“In order to write scripts, you must first study the great novels and dramas of the world. You must consider why they are great. Where does the emotion come from that you feel as you read them? What degree of passion did the author have to have, what level of meticulousness did he have to command, in order to portray the characters and events as he did? You must read thoroughly, to the point where you can grasp all these things. You must also see the great films. You must read the great screenplays and study the film theories of the great directors.”
“Just like ordinary experience, except two inches off the ground. I knew it was made by someone who knew what life was about.”
Over the course of the three-week program, we touch on a range of thematic, stylistic, and aesthetic qualities of Japanese Cinema. In doing so, we also develop a technical understanding of the style and vocabulary of cinema, while simultaneously learning to recognize each film as a distinctive work of art. Along the way, we become better viewers of film and deeper thinkers about the cinematic art form.
Students may enroll in one, two, or all three of the seminar weeks. Each week presents a self-contained, individualized curriculum, and all three weeks taken together offer deep study into diverse facets of Japanese film. Participants are encouraged to view all movies before arriving on campus; copies of the films and a suitable viewing area are also provided by the college for students’ use before each class. If you need assistance viewing the films prior to arrival on campus, please contact Summer Classics at santafe.classics(at)sjc.edu.
Films are screened mornings and evenings. One afternoon session daily: 2–4 p.m. MDT.
Krishnan Venkatesh and Ron Wilson
2–4 p.m. MDT
July 11–15, 2022
During this week we study three samurai classics by the great Japanese director Kurosawa: Seven Samurai (1954), Yojimbo (1961), Sanjuro (1962). Although Kurosawa’s work ranged broadly among genres, he is best known for his vision of the samurai, usually embodied by the actor Toshiro Mifune. These films are all rich, poetic meditations on what it is to act in this difficult world, on how to live and how to die. Unforgettable for their action sequences, which are poetry in motion, these films are also of tremendous visual beauty and subtlety, while dripping with sardonic humor. The first three sessions are devoted to the epic Seven Samurai, and in the remaining two we study the shorter, somewhat quieter Yojimbo and Sanjuro. One big theme is the nature of the samurai—but not as a youthful ideal, for Kusosawa’s samurai is a world-weary, disillusioned older man with few ideals left. What is a hero without illusions?
David Carl and Krishnan Venkatesh
2–4 p.m. MDT
July 18–22, 2022
In the second week of our course on the history of Japanese cinema, we study three of the most influential films in one of Japan’s most influential film genres: horror. Masaki Kobayashi’s Kwaidan (1965) is based on 19th-century Japanese folk tales. The four tales that comprise this film examine different aspects of the role of horror and fantasy in Japanese traditional and popular culture, encompassing the erotic, the family, and a range of social and power relations. Set in the 14th century during a historic period of civil war in Japan, Kaneto Shindo’s Onibaba (1964) is a horror film that chronicles the impact of war on individuals and the relationship between love and both the real and fantastical horrors of violence in wartime. At the end of the week, we move from these classic examples of Japanese cinema that helped define the horror movie genre to Hideo Nakata’s Ringu (1998), a film that explores the end-of-the-century anxiety around media and technology. Combining elements of Japanese pop culture with the country’s rich history of ghost stories, Ringu helped reinvent the notion of cinematic horror and inspired a series of North American remakes and sequels that are still shaping and influencing our understanding of “scary movies” today.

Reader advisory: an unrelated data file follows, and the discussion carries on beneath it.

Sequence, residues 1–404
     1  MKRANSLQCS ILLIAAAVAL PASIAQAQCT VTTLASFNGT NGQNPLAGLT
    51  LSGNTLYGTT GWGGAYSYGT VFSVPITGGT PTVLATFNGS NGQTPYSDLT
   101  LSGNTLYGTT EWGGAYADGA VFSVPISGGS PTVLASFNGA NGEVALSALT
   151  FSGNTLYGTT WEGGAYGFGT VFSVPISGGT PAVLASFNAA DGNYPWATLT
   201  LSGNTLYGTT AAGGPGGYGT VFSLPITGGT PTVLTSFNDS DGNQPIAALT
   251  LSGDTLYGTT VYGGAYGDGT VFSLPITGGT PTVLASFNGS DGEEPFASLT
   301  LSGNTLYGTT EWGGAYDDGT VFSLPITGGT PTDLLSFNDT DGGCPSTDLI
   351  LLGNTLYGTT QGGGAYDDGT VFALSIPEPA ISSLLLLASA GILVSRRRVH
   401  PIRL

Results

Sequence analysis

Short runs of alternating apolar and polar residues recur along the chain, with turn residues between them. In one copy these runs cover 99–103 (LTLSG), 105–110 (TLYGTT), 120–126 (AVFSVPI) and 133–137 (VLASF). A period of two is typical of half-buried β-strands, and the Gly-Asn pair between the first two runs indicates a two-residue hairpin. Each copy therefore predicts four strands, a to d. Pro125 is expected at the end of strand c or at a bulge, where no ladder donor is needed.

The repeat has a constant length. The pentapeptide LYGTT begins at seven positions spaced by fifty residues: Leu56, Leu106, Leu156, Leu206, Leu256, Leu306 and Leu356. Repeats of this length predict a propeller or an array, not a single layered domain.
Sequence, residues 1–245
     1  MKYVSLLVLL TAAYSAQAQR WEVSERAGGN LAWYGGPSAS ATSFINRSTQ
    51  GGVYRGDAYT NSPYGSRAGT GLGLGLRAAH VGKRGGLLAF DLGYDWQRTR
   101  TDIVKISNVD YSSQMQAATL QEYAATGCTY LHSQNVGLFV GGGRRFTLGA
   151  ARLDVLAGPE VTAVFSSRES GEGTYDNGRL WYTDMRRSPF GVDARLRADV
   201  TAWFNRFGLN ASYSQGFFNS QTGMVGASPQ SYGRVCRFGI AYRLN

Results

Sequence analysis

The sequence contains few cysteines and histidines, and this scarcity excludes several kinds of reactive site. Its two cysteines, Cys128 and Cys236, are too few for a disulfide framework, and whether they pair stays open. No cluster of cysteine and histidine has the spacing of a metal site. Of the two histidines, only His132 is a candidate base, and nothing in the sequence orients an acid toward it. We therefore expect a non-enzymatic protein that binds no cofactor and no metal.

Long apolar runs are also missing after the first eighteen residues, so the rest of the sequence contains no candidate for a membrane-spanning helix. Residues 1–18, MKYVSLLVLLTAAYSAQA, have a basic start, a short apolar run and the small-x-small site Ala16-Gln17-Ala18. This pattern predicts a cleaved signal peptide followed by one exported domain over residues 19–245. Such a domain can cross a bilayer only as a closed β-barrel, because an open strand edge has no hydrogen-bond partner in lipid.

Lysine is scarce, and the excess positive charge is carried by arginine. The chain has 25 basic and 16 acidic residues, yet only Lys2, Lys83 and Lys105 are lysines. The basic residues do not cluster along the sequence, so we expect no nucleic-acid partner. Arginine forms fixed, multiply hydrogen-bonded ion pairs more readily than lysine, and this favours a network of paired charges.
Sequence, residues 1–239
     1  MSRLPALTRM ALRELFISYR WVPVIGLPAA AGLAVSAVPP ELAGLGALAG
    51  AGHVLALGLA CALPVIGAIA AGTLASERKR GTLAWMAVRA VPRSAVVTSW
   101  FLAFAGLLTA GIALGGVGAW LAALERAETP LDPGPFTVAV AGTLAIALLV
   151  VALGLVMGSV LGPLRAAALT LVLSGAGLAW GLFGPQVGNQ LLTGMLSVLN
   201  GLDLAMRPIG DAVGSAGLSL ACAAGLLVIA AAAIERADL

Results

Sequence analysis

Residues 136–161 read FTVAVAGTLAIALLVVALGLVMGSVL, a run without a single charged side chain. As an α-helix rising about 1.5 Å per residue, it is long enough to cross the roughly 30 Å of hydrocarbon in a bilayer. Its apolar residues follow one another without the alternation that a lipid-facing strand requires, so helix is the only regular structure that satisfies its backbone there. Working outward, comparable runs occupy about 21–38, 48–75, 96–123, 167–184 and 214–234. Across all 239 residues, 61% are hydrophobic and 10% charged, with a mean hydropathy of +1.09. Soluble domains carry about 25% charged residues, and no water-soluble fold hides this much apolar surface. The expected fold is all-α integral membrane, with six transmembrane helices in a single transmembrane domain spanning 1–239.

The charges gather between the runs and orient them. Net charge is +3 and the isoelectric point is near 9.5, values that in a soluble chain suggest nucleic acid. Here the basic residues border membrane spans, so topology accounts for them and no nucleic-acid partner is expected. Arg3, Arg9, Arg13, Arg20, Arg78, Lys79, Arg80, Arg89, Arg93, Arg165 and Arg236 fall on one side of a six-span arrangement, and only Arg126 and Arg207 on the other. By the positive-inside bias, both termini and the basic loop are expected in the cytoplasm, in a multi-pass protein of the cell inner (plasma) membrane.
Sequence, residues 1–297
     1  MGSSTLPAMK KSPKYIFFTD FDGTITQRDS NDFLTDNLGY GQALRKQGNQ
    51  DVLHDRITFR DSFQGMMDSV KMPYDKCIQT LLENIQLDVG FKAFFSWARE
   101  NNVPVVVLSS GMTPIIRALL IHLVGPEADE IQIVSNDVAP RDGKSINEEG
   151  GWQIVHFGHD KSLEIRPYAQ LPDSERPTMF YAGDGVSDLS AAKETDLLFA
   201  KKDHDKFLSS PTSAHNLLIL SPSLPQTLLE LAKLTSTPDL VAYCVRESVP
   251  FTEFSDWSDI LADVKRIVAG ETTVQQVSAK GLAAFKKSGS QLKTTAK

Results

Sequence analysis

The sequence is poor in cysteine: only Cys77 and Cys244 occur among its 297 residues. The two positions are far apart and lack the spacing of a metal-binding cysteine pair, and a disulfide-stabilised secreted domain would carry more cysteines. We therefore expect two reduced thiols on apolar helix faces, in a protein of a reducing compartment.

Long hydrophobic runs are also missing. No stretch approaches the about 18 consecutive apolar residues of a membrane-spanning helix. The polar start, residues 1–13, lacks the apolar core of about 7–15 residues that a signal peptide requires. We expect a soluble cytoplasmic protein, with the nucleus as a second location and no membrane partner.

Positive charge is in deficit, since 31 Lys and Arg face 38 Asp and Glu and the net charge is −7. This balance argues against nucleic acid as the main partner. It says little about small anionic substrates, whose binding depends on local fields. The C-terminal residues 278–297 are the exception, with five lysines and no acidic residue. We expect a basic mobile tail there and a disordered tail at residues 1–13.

Aparna Ravilochan and Krishnan Venkatesh
2–4 p.m. MDT
July 25–29, 2022
Although Kurosawa and Mizoguchi may be the best-known of the great Japanese directors, Ozu was the greatest—not only for his exquisite and understated visual sensibility and his carefully crafted stories but, above all, for his insight into familial relationships and his wisdom about the human soul throughout the stages of the life cycle. He is like an older, more contemplative version of Jane Austen, able to understand deeply both the very young and the very old, not only the marriageable. Ozu’s Tokyo Story (1953) is frequently named among the three greatest films of all time. In this session we study Tokyo Story, Late Spring (1949), and the enchanting silent comedy I Was Born, But … (1932). Our approach is to see the film, not just the story, and in the process become more skilled and sensitive watchers of film. We attend to some of the technical aspects, constantly asking how the films move us as films. Most importantly, we take a rare opportunity to study one of the 20th century’s greatest (and wisest) artists, one who quickly becomes a lifelong companion.
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